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New Study Describes ZTF J1406+1222 — A New Possible Black Widow Star

A fast spinning dead star known as a pulsar attacks its orbiting partner with radiation, gradually evaporating it in black widow star systems. The pulsars, like their namesake spiders, reap the benefits of their lower-mass companion stars before destroying them by harvesting material and energy from them.

New Study Describes ZTF J1406+1222 — A New Possible Black Widow Star.
An illustrated view of a black widow pulsar and its stellar companion. The pulsar’s gamma-ray emissions (magenta) strongly heat the facing side of the star (orange). The pulsar is gradually evaporating its partner. Image Credit: NASA’s Goddard Space Flight Center/Cruz deWilde.

A recent study published in Nature describes a new possible black widow star system called ZTF J1406+1222, in which the stars orbit each other every 62 minutes, the lowest orbital period for this sort of binary star system ever detected. PSR J1653-0158, the former black widow record holder, has stars circling around each other every 75 minutes.

The Zwicky Transient Facility (ZTF) instrument at Caltech’s Palomar Observatory near San Diego was used to discover the new candidate system. The National Science Foundation (NSF) and an international consortium of partners support the ZTF.

This 62-minute orbit is remarkable because we don’t understand how the stars could get into such a tight orbit,” states Kevin Burdge (PhD ‘21), an MIT postdoctoral fellow who conducted the research at Caltech. “The process of the pulsar ablating its companion should actually drive them apart. This is pushing the boundaries of what we thought possible.”

Future measurements from NASA’s Chandra X-Ray Observatory, according to Burdge, should help validate the result.

Our data indicate we are looking at a black widow binary, but it could be something entirely new.

Kevin Burdge, Postdoctoral Fellow, Massachusetts Institute of Technology

The first black widow star was detected in the 1980s, and ever since then, a few dozen more have been identified, along with a spidery “species” of stars known as redbacks, which includes pulsars and fatal partners. According to scientists, pulsar stars in both the redback and black widow systems gain energy and speed by siphoning material away from their neighbors.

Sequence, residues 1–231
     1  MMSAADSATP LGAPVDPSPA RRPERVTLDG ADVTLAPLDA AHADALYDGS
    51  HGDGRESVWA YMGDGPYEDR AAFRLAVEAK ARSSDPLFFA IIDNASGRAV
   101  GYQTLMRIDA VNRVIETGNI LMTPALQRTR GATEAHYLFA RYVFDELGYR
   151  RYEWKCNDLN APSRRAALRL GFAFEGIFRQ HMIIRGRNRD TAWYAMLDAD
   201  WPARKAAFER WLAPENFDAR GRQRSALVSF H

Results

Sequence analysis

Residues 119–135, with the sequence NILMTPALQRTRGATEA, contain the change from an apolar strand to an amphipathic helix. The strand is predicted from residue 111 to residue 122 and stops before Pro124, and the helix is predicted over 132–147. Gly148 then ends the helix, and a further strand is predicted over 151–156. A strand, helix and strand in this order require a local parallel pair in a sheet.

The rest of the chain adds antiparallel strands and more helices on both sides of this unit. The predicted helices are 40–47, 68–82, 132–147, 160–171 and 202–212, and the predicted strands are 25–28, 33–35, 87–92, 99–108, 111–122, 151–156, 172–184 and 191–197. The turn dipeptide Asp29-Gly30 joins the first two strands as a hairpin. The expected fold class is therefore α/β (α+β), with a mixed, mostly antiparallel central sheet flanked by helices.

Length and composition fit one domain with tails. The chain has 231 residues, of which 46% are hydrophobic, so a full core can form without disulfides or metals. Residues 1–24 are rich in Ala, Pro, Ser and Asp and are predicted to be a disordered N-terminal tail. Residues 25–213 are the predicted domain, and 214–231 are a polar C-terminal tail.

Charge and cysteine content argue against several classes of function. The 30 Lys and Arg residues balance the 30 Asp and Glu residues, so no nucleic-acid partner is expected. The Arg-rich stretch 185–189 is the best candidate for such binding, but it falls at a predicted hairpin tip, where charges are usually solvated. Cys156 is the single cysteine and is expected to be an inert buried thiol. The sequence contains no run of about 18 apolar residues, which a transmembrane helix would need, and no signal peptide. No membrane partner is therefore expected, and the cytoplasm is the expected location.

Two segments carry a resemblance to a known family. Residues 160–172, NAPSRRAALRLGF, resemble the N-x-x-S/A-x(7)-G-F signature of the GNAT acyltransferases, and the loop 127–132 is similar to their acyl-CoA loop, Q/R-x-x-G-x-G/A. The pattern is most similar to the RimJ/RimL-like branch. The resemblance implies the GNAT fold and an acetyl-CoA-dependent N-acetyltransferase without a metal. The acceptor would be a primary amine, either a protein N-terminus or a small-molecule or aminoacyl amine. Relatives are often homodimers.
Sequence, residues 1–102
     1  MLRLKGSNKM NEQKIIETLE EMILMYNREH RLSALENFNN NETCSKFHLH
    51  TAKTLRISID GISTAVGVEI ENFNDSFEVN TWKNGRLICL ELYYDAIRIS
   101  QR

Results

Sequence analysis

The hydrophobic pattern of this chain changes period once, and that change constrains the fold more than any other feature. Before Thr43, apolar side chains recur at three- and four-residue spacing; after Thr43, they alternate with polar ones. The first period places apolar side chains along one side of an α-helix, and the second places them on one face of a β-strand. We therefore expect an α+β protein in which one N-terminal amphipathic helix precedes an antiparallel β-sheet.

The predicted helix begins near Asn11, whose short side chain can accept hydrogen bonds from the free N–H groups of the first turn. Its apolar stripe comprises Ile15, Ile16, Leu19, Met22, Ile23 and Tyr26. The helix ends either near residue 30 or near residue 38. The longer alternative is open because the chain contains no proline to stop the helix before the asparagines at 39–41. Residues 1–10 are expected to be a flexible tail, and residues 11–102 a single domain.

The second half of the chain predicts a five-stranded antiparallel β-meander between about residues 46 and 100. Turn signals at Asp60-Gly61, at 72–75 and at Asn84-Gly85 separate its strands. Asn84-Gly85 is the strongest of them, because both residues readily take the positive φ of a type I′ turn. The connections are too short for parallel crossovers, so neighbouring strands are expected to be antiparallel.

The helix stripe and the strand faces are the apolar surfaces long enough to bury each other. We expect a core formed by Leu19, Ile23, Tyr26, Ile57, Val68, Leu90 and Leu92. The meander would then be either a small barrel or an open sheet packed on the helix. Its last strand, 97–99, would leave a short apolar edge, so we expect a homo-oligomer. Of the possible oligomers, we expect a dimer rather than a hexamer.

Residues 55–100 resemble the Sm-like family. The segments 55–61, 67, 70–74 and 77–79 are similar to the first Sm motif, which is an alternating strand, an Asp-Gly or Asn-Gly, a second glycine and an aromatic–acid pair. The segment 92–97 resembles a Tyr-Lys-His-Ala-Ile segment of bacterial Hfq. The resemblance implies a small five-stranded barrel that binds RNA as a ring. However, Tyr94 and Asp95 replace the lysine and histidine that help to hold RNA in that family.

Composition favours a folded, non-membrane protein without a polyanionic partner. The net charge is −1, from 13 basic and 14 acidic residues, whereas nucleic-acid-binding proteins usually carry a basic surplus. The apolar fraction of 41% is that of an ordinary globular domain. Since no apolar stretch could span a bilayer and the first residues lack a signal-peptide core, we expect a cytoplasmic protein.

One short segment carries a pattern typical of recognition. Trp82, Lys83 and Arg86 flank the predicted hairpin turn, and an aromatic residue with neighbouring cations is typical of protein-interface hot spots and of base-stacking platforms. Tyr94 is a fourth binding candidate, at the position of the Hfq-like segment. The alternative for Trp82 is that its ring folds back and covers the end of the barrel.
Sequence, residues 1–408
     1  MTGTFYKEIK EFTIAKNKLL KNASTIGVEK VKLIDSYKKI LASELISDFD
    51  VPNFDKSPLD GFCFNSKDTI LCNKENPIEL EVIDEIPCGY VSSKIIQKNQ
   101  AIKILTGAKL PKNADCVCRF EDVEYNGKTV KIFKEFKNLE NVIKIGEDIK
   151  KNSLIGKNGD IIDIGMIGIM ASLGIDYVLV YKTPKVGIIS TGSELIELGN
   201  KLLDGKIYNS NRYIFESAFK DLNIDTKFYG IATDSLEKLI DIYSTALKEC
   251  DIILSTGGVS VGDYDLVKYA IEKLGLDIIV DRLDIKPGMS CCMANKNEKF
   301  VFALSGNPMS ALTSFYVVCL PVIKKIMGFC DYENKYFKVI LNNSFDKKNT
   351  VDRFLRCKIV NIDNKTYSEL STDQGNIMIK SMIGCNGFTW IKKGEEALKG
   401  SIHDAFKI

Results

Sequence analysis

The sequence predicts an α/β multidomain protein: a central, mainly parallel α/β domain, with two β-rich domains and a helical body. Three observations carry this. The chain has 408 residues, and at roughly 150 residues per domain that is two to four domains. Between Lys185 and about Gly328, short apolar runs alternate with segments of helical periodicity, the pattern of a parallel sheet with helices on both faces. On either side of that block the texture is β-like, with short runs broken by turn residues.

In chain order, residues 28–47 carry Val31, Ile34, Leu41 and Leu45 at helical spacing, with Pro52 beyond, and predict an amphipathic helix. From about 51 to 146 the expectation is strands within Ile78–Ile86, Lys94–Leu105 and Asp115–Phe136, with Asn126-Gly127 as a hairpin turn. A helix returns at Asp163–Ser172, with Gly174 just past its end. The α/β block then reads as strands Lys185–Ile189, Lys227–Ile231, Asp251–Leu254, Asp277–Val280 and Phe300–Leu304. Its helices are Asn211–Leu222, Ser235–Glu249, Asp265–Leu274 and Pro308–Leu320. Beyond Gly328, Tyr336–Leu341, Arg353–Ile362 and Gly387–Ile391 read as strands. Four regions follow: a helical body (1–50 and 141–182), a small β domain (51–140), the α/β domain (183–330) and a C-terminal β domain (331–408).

The lower-mass stars donate material to their partner stars but suffer the consequences.

Kevin Burdge, Postdoctoral Fellow, Massachusetts Institute of Technology

The novel candidate black widow binary stars were discovered by examining millions of stars in the night sky for those that flash on and off fast. Thanks to its camera’s enormous field of view, which covers an area of sky similar to a grid of 247 full moons, ZTF records photographs of the entire night sky every two nights. Scientists can use the sky survey to look for objects that modify brightness or location on short timescales.

ZTF has revealed a zoo of exotic stellar species. Rather than being boring, static objects, a large fraction of stars exhibit dips, pulsations, or periodic brightenings that are a key to understanding their nature.

Tom Prince, Study Co-Author and Ira S. Bowen Professor of Physics, Emeritus, Caltech

Prince was also a co-investigator of ZTF.

Burdge used an algorithm to look for ZTF objects that change brightness drastically over durations of less than 80 minutes in this circumstance.

Researchers discovered ZTF J1406+1222, a star whose brightness changes by a factor of 13 every 62 minutes. The pulsar’s companion, a cold failed star known as a brown dwarf, revolving on its axis, produces the system’s cyclical fading and brightening.

The brown dwarf being bombarded by the pulsar retains heat on one side while remaining cooler on the other. Telescopes cannot distinguish the pulsar and the brown dwarf, but as the brown dwarf’s hot side rotates into view from Earth, the total brightness of the system increases; contrarily, when the cool side swings around, the brightness decreases.

Surprisingly, this black widow system contains a third partner orbiting at a far greater distance, about 600 astronomical units, or AUs (an AU is the distance between Earth and the sun). The third partner star orbits the close pair every 10,000 years, whereas the primary pulsar and brown dwarf orbit each other every 62 minutes.

The researchers also highlight that this is the first time optical light has been used to find a black widow system. “The population of black widows we’ve been finding so far with other wavelengths of light, such as X-rays, gamma rays, and radio waves, is probably biased because we haven’t been catching all of them,” says Burdge. “Now we have a new lens through which we can identify these systems.”

The results were observed using data from the W. M. Keck Observatory on Maunakea in Hawaii, the Grand Canary Telescope in the Canary Islands, Spain, the European Space Agency’s Gaia space observatory, and the Sloan Digital Sky Survey.

The NSF, NASA, and the MIT Pappalardo Fellowships program all contributed to the study’s completion.

'Black Widow' Pulsar Animation

This animation from NASA's Goddard Space Flight Center, which depicts a different black widow system, illustrates how a pulsar evaporates its companion over time. Video Credit: NASA's Goddard Space Flight Center/Cruz deWilde.

Journal Reference:

Burdge, K. B., et al. (2022) A 62-minute orbital period black widow binary in a wide hierarchical triple. Nature.

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